How to defend myself against a civil action
The following legal procedures are related to a civil action commenced by a writ of summons (which constitutes the majority of civil cases).
If you receive a writ of summons naming you as the defendant, you are required to acknowledge service of the writ of summons (i.e. confirming that the document has been delivered to you) and to state whether or not you wish to defend the action brought against you by the plaintiff. To do so, you should complete all three copies of the acknowledgment of service form which accompany the writ of summons. Two copies of the acknowledgment of service form should be sent to the relevant Court Registry of the court within 14 days. You should keep one copy for your records.
How do I (as the defendant) calculate the period of 14 days allowed for filing the acknowledgment of service form?
A writ served on the defendant personally (i.e. delivered by hand) is treated as having been served on the day it was delivered to the defendant. A writ served by post or by insertion through the defendant's letter box is normally treated as having been served on the seventh day after the date of posting or insertion. However, if there is actual evidence showing the date when the posted or inserted writ actually came to the notice of the defendant, then that date would be treated as the date of service. The period of 14 days allowed for filing the acknowledgment of service form is to be calculated from (and including) the date of service.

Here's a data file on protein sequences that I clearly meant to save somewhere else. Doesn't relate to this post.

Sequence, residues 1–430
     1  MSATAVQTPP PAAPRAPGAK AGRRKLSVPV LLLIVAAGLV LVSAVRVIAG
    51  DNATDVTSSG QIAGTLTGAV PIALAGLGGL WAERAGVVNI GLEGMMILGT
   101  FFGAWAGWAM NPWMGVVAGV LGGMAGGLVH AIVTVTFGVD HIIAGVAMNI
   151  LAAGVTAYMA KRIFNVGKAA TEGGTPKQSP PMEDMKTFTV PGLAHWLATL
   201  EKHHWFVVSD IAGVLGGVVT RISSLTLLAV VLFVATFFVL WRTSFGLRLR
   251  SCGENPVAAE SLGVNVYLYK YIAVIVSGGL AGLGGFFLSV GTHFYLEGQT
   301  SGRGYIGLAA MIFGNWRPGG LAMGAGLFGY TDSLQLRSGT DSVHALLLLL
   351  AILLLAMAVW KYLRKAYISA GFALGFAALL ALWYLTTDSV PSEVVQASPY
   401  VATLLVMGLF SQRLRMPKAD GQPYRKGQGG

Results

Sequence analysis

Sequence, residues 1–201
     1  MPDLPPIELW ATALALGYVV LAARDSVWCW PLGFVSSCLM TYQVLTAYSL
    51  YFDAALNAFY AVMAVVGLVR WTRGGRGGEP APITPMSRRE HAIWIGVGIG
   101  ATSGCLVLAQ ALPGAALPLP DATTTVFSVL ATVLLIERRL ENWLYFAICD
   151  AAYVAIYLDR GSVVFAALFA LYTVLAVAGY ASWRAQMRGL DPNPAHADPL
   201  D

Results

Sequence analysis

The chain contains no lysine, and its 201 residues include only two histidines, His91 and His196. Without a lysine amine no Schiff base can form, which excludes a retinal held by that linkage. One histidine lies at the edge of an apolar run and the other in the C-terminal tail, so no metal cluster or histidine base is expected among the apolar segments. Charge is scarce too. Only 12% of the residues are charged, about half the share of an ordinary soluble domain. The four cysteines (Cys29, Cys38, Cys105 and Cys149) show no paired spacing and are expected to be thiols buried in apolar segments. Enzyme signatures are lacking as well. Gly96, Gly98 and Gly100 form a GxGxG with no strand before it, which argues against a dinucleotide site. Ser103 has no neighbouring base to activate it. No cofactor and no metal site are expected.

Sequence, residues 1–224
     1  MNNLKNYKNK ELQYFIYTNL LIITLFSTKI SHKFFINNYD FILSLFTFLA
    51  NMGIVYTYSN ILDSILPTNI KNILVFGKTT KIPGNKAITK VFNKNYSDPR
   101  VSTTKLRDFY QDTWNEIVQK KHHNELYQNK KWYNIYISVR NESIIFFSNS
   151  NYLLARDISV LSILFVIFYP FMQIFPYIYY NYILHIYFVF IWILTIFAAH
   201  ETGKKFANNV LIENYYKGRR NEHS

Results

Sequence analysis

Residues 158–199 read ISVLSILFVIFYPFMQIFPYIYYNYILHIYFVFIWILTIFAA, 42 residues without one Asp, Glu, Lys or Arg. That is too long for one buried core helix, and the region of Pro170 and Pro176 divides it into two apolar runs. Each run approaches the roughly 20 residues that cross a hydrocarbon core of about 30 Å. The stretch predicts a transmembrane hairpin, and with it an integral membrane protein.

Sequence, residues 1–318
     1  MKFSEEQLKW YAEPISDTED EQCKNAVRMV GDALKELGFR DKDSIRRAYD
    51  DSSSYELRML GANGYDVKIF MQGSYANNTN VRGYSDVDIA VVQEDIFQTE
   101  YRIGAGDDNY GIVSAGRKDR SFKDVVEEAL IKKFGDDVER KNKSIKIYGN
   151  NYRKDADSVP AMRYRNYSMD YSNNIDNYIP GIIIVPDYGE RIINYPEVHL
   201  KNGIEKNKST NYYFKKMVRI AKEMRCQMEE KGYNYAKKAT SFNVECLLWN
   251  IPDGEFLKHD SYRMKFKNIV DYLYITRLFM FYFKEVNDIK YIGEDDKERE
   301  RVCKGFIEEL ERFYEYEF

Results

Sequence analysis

What happens if the defendant does not file an acknowledgment of service form or a defence?
If the defendant does not file an acknowledgment of service or a defence within the time allowed, the plaintiff can apply to the court for judgment in favour of his claim. In such a case, a full trial is not required.
If the claim is related to a debt or liquidated damages (i.e. where the amount of the claim is fixed and ascertainable), such as an action on a dishonoured cheque, the plaintiff may enter judgment for the amount claimed and the relevant legal costs.
Interlocutory judgment will be entered instead if the plaintiff is claiming for unliquidated damages (i.e. where the amount of damages has to be assessed by the court), for example, for loss of profits or damages for injury to person or property. In such a case, the plaintiff will have to appear in court so that a judge or a master can assess the amount of damages he is entitled to.
What should I do if I decide NOT to defend the case?
If you decide not to defend a case being brought against you, and the plaintiff's claim against you is for a liquidated amount, you should indicate this decision on the acknowledgment of service form. Court judgment will then be entered against you for the amount of the plaintiff's claim. If you cannot afford to pay the amount of the plaintiff's claim, you should make an application to the court for a stay of execution of the judgment (i.e. an application to delay the enforcement of the judgment against you). If you intend to do so, you should tick the appropriate box on the acknowledgment of service form. Execution of the judgment will then be delayed for a period of 14 days after you file your acknowledgment of service form. You must, within this time, make an application to court by issuing a summons, supported by an affidavit or an affirmation setting out your means. In the affidavit or affirmation, you can state any offer which you wish to make for the payment of the amount claimed by the plaintiff. For example, you can offer to pay the debt by instalments.